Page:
Home / public opinions / The Logic Behind Duterte’s ‘To Kill’ and ‘Not to Kill’


The premise that Duterte is guilty of the alleged ‘extrajudicial killings’ is, in nature based on perception. The intellect perceives based on Duterte’s statements in his speeches. The ever-popular ‘I will kill you.’ Do not destroy my country or ‘I will kill you.’

These words however, according to the speaker himself, do not violate the constitution. Nothing in the constitution that says it is illegal to say it. Nor it states in any bill that it is illegal to threaten people.

So, threatening criminals cannot be a basis of his guilt. Even if he said that he will kill, it doesn’t follow that he would really do it. Or Just because he said that he killed someone, it doesn’t mean that he really did it. Unless other information is revealed behind his admission after the crime has been done. Other than that, he cannot be charged with murder.

As he would always say, he did not order the police or the military to shoot a man tied behind his back, kneeling down. That it makes you wonder where the president get that picture in his mind while saying those words? Did this scenario really happen in police encounters? How did criminals’ hands tied behind their backs?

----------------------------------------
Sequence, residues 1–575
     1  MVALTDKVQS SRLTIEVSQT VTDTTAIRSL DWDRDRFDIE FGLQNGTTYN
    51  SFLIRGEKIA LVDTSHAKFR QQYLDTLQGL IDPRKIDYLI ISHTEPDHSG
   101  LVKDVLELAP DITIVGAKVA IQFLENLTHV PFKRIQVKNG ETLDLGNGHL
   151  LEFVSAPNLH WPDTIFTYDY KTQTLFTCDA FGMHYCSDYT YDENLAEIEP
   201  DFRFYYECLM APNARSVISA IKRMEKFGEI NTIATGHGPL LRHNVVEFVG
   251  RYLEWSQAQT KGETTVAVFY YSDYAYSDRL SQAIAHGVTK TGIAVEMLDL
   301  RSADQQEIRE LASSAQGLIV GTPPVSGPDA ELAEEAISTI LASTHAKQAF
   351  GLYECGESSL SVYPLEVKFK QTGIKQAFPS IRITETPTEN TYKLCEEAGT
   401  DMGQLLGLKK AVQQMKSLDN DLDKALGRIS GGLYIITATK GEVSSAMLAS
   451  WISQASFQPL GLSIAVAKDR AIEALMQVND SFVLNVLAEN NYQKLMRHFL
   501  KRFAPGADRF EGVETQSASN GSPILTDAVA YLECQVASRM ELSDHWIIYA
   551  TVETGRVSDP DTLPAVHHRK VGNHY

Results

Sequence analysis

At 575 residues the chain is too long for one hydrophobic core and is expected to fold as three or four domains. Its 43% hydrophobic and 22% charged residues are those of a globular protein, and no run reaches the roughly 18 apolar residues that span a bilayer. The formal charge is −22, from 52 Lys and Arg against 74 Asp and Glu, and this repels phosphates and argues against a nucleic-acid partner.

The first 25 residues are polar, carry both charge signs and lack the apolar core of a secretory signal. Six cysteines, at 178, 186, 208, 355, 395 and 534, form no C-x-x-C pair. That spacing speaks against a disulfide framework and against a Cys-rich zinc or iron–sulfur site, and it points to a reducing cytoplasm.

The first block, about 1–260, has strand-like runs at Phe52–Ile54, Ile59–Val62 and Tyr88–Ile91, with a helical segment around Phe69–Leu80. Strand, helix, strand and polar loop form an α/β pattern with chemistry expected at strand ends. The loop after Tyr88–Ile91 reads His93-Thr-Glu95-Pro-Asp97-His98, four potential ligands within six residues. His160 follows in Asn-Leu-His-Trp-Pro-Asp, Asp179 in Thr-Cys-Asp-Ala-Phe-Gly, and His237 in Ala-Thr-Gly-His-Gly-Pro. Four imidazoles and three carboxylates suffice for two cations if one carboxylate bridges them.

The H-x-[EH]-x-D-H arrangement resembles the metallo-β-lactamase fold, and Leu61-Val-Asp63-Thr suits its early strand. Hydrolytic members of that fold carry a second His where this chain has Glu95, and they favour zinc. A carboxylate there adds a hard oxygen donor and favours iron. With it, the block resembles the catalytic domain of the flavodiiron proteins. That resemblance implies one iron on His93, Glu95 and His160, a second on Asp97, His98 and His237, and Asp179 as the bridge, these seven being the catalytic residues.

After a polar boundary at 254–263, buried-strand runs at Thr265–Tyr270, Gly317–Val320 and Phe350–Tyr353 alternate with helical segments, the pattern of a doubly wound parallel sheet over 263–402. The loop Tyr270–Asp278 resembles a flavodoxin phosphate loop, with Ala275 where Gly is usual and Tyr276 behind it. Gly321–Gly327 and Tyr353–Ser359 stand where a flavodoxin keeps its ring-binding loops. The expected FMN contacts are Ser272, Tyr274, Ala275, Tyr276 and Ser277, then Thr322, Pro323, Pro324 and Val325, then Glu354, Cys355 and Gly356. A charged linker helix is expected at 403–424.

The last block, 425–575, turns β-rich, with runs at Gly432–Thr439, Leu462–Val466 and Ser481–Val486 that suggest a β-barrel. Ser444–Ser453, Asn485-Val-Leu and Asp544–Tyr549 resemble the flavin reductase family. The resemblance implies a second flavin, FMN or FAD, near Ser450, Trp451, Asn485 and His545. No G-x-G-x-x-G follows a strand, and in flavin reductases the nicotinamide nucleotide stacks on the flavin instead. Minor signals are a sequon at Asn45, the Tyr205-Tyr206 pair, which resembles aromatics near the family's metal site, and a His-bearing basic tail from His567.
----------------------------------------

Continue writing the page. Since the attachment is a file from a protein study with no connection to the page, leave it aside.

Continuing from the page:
The opposition, regardless of self interest, whenever they theorize based on well-researched articles written by eminent journalists, or based on trust on Matobato and Lascanas testimonies, they would always base Duterte’s guilt on their own instinct. Probably a part inside the bowels of their gut tells that Duterte is the one responsible of, according to reports, for over 7,000 deaths in the country.

Contrary to this perception, Duterte supporters, for example, would argue: who do you sympathize, the innocents who lost lives because of criminals or criminals who commit crimes to innocent people? The argument is like admitting Duterte’s guilt.

The logic of the Duterte supporters is that: it is okay to kill so long they’re criminals. It is not okay for criminals to kill innocent people. Well, the moral is, it is never okay to kill a person, period. To kill a person, be it a criminal or not, is murder. To do it in self defense is a whole different story.

On the other hand, we cannot tell Duterte is guilty because, first, no charge was filed against Duterte yet due to the fact that he is immune to any suit. The president has impunity. Second, no other witness who appeared before the public that can tell that Duterte indeed ordered someone be killed while Duterte is already a president. The allegations against him by Lascanas and Matobato happened in the past, when he was still the mayor of Davao.

Even so, this will yet to be concluded if he really is guilty or not through an impeachment trial, or through proper courts when his term as president is finished.